Caught on tape
We’ve known for weeks now that the FBI recorded Chicago Ald. Ed Burke’s mobile phone conversations over a period of eight months, listening in on 9,475 calls. And then we discovered that the feds had wired up Chicago Ald. Danny Solis during his own conversations with Burke.
Ald. Burke has a rather, um, “earthy” way of talking when he’s among friends and close allies. Race, ethnicity, religion, national origin, sexuality: you name it, if there’s a socially unacceptable word to describe it, his pals say, he’s probably used it.
I’m not saying for sure that the feds have him on tape saying stuff like that, but if they do, there’s no way in heck that Burke wants a Chicago-area jury hearing it. Those words could destroy a defendant. And, of course, few on the other end of any of those conversations want that stuff to come out, either. People might bend over backwards to be helpful if the feds play them those tapes. The feds, in other words, might very well possess some embarrassing leverage on Burke aside from the alleged illegalities.
Being caught on an FBI wiretap doesn’t automatically mean somebody did something wrong. Back in 2017 and then again in 2018, the mere presence of J.B. Pritzker on old FBI wiretaps of Gov. Rod Blagojevich was enough to rattle his gubernatorial campaign to the very bone, even though there was no evidence then or since that he was ever under any sort of investigation.
Pritzker simply called the wrong guy at the wrong time and said some stupid things that wound up being memorialized on a government recording device. But lots of folks jumped to an immediate conclusion that the hint of federal smoke somehow meant the existence of a raging corruption fire. Nothing like that has ever emerged.
We don’t yet know for sure, but the same might be said of what’s being treated by the media as an explosive revelation that an FBI mole recorded a 2014 meeting with Ald. Solis, a Chinatown real estate developer and House Speaker Michael Madigan.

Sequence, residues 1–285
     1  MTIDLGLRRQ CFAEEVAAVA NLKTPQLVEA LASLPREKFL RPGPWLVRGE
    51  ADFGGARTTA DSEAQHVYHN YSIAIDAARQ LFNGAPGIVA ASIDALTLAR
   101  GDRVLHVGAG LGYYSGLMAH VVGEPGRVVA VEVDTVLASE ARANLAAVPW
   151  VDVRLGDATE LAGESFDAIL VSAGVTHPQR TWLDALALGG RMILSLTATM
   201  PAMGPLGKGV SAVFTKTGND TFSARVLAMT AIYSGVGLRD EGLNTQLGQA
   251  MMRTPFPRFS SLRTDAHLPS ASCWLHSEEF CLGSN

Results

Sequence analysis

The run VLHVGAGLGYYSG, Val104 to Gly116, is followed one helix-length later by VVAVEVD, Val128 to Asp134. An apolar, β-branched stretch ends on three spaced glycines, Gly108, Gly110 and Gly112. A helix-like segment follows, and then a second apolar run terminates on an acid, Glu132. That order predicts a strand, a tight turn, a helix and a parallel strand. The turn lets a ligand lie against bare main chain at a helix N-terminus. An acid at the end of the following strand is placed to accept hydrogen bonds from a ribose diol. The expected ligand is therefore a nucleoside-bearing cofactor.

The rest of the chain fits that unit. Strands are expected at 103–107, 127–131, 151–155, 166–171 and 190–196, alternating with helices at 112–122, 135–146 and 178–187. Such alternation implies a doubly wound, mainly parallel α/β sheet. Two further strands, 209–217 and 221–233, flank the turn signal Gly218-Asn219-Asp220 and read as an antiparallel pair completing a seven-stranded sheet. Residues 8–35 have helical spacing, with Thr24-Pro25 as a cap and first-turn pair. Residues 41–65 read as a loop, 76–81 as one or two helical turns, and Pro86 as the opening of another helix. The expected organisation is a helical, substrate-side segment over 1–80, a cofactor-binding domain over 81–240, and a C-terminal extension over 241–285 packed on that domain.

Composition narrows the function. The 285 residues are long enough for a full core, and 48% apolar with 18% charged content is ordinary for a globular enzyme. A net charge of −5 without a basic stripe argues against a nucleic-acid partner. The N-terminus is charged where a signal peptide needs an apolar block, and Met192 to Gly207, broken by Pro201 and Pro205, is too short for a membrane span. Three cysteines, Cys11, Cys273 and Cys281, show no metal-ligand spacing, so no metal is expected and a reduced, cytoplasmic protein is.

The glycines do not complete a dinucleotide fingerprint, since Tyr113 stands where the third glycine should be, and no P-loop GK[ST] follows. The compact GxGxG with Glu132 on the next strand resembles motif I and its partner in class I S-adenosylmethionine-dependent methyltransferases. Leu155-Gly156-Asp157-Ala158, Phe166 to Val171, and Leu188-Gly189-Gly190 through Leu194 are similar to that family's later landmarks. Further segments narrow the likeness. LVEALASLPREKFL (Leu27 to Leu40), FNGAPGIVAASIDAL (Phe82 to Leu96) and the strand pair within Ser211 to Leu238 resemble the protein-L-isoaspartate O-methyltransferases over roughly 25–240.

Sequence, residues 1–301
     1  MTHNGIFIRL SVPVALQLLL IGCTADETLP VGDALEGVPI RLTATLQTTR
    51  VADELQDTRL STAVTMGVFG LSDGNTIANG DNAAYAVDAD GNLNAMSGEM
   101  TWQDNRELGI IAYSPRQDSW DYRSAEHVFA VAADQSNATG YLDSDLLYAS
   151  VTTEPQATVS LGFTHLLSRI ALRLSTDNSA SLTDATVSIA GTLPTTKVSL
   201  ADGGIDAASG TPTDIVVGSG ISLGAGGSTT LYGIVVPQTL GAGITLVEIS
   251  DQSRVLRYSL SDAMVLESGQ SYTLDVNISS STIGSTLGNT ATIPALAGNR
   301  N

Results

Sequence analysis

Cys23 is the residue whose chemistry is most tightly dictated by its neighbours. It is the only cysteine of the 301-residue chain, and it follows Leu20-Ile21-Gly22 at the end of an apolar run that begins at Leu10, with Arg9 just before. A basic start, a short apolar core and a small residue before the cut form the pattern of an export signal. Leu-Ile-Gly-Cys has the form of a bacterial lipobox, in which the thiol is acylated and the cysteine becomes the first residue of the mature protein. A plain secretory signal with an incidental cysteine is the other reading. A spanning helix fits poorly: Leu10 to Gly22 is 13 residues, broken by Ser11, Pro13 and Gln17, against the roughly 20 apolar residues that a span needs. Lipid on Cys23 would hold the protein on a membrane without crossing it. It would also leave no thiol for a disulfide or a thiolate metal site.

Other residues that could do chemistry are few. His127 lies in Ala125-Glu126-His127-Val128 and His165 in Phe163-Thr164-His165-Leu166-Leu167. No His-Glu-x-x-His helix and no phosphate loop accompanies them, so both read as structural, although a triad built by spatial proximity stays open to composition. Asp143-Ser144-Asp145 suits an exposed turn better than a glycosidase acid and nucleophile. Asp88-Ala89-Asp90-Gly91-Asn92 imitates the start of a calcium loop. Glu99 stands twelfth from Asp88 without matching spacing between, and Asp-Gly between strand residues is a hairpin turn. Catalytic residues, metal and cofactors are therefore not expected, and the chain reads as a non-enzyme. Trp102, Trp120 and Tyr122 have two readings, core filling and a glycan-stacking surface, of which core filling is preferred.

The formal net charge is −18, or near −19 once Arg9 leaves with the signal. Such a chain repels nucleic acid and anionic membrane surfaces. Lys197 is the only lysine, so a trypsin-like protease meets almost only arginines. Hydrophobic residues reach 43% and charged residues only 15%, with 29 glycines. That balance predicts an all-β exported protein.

Madigan didn’t say anything illegal on the recording. He was at his law firm’s office and Ald. Solis had brought the developer in to talk about perhaps retaining Madigan’s property tax assessment firm for a hotel the businessman was trying to build. The developer never hired Madigan’s firm and never built the hotel. All this happened almost five years ago, and we haven’t heard anything else since then.
The story does give us an inside peek into how things work in Chicago, however. Madigan’s law office can apparently be an important stop on the path toward getting things done. And while Madigan himself can avoid doing anything overt to help his law firm’s clients outside of property tax appeals, just meeting with Madigan could help those clients check a very important box with other important people like Solis.
Madigan himself could be completely ignorant of why a potential client is in his office. Indeed, it’s almost 100 percent certain he wants it that way. You’d have to be insanely greedy to risk prison over a $3,000 annual property tax retainer.
But Madigan is so powerful that people like Solis want to do whatever they can to get into and remain in his good graces. So, it’s not at all inconceivable that part of an alderman’s process of approving a development could include a meeting at Madigan’s firm to show fealty and offer tribute.
The big question: If Solis wired up on Burke, did he also wire up on Madigan? The House Speaker issued a statement through his attorney admitting he “recalls attending several meetings with Ald. Solis over the past five years, including meetings with individuals in need of legal representation.”
Despite the frothing at the mouth from the usual Madigan haters, we simply have no way of knowing if the feds have any leverage on the guy. Be patient. If they’ve got him, they’ve got him. If they don’t, well, it wouldn’t surprise me.